AS Brits prepare for a deep freeze in January, drivers are advised to take extra caution on the road.
A yellow weather warning for snow and ice is blanketing much of England, Scotland and Northern Ireland with temperatures possibly dropping to bone-chilling -12 in some places.
The Met Office has warned about “frozen” on the road, sidewalks and bike paths as the mercury drops.
Black tape increases the risk slip out of control and accidents, which means drivers should do everything they can to stay safe.
Here, we’ve rounded up the top seven ways you can avoid accidents and weather delays while on the road this winter.
Always fully charge your phone
Auto insurance provider AA has shared their essential list of cold must-haves – if inclement weather travel is absolutely necessary.
In the event of an incident, drivers are required to bring a fully charged cell phone to call for help.
This will speed up the time it takes for help to arrive so you can get moving again quickly.
Check your air pressure and tread depth
You can improve your chances of reaching your destination safely and quickly with some simple pre-drive checks.
An important check is your tire pressure.
If the pressure is too low for your tires, traction can be reduced – which can be fatal in icy conditions.
Tires are another important factor for road conditions.
The legal minimum spike depth is 1.6mm, but experts recommend it should be at least 3mm to be as safe as possible.
De-icing your car
It is essential to remove frost and ice on the wing mirrors and windshield to help improve visibility.
But it’s important to use the right equipment.
Experts advise against using hot water to clean the windshield because a sudden change in temperature – from very cold to very hot – can cause the windshield to break.
Even warm or lukewarm water can cause glass to shrink and crack.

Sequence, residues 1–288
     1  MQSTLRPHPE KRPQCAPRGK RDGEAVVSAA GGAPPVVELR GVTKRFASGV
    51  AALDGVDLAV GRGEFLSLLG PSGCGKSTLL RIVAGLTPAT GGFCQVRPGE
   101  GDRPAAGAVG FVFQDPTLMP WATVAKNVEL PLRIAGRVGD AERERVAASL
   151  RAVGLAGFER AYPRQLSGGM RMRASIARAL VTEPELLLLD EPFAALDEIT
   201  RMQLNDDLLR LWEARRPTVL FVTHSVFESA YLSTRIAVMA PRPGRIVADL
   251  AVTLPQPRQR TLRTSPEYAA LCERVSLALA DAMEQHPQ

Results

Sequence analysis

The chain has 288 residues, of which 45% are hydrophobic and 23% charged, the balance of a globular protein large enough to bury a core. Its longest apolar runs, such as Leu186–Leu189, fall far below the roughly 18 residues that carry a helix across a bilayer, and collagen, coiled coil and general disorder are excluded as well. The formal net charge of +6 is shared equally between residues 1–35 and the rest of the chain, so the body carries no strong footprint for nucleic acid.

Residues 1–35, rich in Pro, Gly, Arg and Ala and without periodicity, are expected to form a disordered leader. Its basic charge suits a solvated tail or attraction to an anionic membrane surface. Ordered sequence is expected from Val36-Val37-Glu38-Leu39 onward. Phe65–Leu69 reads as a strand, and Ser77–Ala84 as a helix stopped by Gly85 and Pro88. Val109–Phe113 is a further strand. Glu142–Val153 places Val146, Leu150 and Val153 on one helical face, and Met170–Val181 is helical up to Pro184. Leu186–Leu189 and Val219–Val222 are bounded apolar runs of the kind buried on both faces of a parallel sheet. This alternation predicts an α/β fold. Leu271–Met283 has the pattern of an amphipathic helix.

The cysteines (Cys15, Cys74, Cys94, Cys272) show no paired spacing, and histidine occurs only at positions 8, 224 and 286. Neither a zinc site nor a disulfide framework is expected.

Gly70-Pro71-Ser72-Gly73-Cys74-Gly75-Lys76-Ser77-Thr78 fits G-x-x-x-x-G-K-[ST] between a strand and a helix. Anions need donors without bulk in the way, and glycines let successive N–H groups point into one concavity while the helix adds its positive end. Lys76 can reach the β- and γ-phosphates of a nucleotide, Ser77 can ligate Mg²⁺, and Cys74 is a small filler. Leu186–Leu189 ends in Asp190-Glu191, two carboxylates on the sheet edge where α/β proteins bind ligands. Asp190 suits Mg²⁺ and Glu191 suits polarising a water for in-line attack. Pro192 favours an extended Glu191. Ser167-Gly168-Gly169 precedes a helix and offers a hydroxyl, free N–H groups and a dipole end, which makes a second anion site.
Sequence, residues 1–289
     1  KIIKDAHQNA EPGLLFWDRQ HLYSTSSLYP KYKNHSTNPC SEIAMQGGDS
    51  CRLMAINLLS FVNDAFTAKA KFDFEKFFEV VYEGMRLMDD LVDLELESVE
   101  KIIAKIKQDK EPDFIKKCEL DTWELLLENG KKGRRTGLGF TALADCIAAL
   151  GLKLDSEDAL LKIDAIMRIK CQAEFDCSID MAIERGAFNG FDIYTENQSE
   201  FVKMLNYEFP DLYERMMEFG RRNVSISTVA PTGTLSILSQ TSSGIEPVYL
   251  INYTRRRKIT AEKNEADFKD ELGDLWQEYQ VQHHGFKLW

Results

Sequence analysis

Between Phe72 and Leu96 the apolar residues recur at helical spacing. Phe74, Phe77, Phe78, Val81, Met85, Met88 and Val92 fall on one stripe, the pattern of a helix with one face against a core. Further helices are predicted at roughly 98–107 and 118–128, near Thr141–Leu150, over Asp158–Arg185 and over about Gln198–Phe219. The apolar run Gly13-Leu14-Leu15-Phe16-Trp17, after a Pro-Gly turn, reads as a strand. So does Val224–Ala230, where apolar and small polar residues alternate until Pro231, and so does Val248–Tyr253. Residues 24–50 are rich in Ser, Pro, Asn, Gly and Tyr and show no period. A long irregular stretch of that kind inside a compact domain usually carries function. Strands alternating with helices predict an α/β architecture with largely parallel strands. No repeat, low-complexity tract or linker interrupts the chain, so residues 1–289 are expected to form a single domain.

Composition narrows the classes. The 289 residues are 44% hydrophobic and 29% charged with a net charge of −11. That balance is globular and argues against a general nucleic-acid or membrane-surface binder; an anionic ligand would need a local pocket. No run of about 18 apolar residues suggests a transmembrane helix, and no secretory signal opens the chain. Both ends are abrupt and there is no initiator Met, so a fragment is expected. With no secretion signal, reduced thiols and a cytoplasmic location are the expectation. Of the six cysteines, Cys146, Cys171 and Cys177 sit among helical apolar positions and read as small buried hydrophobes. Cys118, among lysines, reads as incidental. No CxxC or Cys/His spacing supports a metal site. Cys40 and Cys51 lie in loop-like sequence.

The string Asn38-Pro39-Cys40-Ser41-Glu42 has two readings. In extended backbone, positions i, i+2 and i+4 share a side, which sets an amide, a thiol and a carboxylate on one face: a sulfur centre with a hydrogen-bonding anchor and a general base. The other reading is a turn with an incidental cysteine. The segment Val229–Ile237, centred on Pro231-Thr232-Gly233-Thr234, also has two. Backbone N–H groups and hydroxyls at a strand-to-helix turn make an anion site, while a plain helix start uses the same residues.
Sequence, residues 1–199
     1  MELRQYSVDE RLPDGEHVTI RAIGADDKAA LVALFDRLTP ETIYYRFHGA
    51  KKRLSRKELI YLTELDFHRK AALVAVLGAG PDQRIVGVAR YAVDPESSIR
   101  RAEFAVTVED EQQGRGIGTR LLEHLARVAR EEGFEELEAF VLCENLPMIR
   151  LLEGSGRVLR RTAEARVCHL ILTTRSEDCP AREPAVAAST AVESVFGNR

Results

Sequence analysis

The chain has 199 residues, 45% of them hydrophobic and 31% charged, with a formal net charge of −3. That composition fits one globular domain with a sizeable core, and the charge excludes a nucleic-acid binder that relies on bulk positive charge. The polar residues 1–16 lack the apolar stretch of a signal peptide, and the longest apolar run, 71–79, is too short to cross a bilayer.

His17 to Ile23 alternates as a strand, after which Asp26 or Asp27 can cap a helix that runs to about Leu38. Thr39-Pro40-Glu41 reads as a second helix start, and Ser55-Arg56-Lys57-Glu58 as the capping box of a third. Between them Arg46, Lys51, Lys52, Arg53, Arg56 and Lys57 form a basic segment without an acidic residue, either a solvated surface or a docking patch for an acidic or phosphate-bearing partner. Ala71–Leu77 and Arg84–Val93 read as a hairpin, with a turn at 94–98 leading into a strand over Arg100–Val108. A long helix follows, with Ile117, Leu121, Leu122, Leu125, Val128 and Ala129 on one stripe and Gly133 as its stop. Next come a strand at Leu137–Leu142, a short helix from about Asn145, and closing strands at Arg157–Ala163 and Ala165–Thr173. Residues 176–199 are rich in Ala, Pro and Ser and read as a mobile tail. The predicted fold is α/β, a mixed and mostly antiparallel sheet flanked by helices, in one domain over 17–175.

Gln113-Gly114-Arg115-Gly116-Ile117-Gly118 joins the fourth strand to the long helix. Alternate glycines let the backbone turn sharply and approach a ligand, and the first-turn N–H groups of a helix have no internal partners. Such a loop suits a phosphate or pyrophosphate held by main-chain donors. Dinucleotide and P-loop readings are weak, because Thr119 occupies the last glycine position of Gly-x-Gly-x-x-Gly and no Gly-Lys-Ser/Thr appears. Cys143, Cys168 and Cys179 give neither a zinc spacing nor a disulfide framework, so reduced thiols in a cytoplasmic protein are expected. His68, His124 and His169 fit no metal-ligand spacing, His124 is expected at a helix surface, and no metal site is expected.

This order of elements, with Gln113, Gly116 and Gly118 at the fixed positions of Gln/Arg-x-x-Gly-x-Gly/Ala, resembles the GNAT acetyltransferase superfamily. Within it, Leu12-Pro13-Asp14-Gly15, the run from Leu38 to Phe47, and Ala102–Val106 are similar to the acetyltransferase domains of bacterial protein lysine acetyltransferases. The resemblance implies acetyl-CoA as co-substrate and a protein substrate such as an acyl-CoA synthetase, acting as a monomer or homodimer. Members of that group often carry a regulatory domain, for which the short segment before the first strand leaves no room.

Furthermore, it is against the law to leave a moving car unattended on a public road.
You could easily turn on your car, leave the heater on full power, and go back inside as the ice slowly melts, but if caught by the police, you risk being fined.
And “portholing” – de-icing only a small area of the window so there’s enough room to look out – can land you a fine and three points on your driver’s license.
Increase your stopping distance
Always allow a larger stopping distance in icy conditions.
The distance required for a car to come to a complete stop is more than doubled when the road is slippery.
Britons are urged to leave plenty of space between themselves and the car in front to avoid any accidents.
Sudden turns at high speeds on the road can cause skidding.
Many drivers will hit the brakes and steer into a skid when they start to lose control – but it can be a dangerous move for experienced drivers.
Instead, slowly take your foot off the gas pedal and go straight when your car hits full throttle.
Don’t go out unless it’s necessary
When the temperature drops, there is a simple way to avoid accidents: stay at home.
If the British limited their journeys only to necessary, the number of cars on icy roads would be greatly reduced.
Use familiar roads
If you need to go somewhere, don’t take an unfamiliar route.
Road signs may be covered with snow and phone reception may be limited.
Furthermore, Britons are advised not to take any shortcuts and to stay away from country roads as they may not be clear.
Winding country roads are often difficult even in warm weather – so motorists should stick to the main roads as much as possible.
Drive in high gear
Another way to reduce the risk of an accident is to drive in low gear.
The lower the gear, the slower the wheel turns, which means the driver won’t swerve into a dangerous slide.
RAC Breakdown spokesman Simon Williams said: “Winter is the most dangerous time of year for drivers.
“A good set of tires is essential to keep the best possible grip, but slowing down to suit the conditions is also important.
“Black ice is probably the most dangerous of all the conditions because drivers don’t realize they’re on it until it’s too late. Going on a slide is scary beyond belief.
“While it’s good to know that you should be on the slopes, it’s a lot harder to do that when you need to, especially if it’s never happened to you before.
“When driving on snow, you should slow down but try to be in the highest gear possible as this helps reduce wheel spin.”
https://www.thesun.co.uk/motors/17225575/icy-roads-avoid-delays-safe/ Seven ways to stay safe and avoid delays on icy roads as snow hits parts of England